What is Visual Data Analysis?


Visual data analysis blends highly advanced computational methods with sophisticated graphics engines to tap the extraordinary ability of humans to see patterns and structure in even the most complex visual presentations. Currently applied to massive, heterogeneous, and dynamic datasets, such as those generated in studies of astrophysical, fluidic, biological, and other complex processes, the techniques have become sophisticated enough to allow the interactive manipulation of variables in real time. Ultra high-resolution displays allow teams of researchers to zoom into interesting aspects of the renderings, or to navigate along interesting visual pathways, following their intuitions and even hunches to see where they may lead. New research is now beginning to apply these sorts of tools to the social sciences as well, and the techniques offer considerable promise in helping us understand complex social processes like learning, political and organizational change, and the diffusion of knowledge.

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Please "sign" your contributions by marking with the code of 4 tildes (~) in a row so that we can follow up with you if we need additional information or leads to examples- this produces a signature when the page is updated, like this: - alan alan Jan 27, 2010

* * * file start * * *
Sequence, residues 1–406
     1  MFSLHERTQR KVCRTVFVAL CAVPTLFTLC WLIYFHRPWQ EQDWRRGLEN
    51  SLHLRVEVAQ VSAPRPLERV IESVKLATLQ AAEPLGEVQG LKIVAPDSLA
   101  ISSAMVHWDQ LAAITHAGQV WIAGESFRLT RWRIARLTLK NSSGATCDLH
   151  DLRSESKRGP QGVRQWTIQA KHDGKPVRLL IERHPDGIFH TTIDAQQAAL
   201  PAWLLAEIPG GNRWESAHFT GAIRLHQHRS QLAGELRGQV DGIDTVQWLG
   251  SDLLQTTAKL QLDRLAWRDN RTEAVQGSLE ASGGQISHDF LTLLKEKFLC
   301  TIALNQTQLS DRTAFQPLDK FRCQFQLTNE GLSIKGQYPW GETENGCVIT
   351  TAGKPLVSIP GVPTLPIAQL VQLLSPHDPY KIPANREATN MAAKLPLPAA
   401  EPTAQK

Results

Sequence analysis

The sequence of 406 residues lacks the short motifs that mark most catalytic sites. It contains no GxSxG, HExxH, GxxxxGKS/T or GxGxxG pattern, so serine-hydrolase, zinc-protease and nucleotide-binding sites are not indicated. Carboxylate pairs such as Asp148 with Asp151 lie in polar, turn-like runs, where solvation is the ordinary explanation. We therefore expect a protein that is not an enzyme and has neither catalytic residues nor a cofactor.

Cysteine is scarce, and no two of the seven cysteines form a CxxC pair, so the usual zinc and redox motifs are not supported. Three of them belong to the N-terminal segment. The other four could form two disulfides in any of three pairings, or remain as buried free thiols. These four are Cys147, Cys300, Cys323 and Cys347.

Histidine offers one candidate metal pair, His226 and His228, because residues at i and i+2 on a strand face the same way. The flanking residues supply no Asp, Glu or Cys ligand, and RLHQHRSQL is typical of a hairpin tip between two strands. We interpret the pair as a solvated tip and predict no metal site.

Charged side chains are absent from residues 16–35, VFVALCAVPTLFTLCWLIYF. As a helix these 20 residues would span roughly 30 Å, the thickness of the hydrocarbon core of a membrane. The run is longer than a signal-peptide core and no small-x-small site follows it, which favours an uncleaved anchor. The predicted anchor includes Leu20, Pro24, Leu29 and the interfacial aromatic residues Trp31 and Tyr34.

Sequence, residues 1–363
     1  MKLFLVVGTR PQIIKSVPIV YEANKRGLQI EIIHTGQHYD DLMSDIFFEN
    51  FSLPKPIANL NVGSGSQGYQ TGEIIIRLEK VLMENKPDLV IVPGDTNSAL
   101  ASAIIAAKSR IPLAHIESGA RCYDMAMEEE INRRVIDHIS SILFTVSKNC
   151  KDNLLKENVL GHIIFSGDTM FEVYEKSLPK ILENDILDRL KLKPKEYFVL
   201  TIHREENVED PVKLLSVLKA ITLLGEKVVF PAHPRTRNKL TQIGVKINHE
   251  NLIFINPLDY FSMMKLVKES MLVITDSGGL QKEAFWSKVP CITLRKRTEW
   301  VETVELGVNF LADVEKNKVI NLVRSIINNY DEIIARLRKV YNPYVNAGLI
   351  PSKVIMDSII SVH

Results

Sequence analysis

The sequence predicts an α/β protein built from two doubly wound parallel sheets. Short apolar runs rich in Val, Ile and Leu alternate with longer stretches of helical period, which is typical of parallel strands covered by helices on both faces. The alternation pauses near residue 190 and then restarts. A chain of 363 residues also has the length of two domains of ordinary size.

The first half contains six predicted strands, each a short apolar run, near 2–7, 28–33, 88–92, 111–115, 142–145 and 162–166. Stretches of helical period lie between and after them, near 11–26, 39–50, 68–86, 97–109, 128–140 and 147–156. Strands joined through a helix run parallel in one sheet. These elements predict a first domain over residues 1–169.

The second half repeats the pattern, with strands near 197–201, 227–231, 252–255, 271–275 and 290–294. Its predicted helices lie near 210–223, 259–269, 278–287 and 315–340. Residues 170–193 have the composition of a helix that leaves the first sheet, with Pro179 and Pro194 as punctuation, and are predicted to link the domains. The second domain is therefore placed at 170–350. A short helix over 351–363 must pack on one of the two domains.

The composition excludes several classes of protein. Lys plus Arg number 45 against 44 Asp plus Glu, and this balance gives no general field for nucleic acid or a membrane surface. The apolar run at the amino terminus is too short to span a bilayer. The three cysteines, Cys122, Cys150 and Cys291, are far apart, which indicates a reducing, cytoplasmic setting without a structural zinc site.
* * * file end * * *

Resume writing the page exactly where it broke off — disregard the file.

(1) How might this technology be relevant to the museums you know best?

  • Am curious why more museums (including my own) don't make better use of Visualizations to help people know / understand the nature of collections! Seems like a low hanging fruit that could make a significant impact on how users can "browse" massive online collections. Current online collections support search very well, but don't offer much in the way of a browsing shopping experience. Visualizations can help users understand the time distribution and relations between the works in our collection, when coupled with mapping applications could automagically generate something like the Timeline of Art History for any collection. Would also be a useful tool for curators to understand the nature and "gaps" in collecting areas to tell stories about art history in our local collections. - rob.stein rob.stein Apr 30, 2010 Couldn't sum this up any better than Rob, so I'll just say 'right on' here. - Koven Koven May 3, 2010 - ninmah ninmah May 5, 2010
  • +1 to what Rob says. Thesauri in use or implicit in our collections management systems structures would easily support anything from simple tree structures to complex networks of relationships between things, and then there are the facets of this data along agent/place/time dimensions that would all support interesting visualisations.